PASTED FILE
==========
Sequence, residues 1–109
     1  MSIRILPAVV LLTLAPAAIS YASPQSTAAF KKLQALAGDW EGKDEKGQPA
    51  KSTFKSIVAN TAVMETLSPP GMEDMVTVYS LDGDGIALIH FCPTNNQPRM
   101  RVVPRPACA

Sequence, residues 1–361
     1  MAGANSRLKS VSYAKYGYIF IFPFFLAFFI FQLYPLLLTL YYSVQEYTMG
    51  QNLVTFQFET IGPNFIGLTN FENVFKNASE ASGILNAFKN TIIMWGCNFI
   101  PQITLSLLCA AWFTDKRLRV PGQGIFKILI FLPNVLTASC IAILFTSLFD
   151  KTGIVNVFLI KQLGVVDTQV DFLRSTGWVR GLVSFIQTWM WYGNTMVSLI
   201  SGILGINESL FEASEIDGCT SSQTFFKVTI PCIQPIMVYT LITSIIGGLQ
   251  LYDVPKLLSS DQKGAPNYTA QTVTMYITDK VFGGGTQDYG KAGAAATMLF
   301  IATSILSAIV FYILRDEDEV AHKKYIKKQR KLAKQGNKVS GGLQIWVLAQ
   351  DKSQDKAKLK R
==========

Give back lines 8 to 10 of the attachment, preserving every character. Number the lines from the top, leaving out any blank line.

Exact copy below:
   101  PQITLSLLCA AWFTDKRLRV PGQGIFKILI FLPNVLTASC IAILFTSLFD
   151  KTGIVNVFLI KQLGVVDTQV DFLRSTGWVR GLVSFIQTWM WYGNTMVSLI
   201  SGILGINESL FEASEIDGCT SSQTFFKVTI PCIQPIMVYT LITSIIGGLQ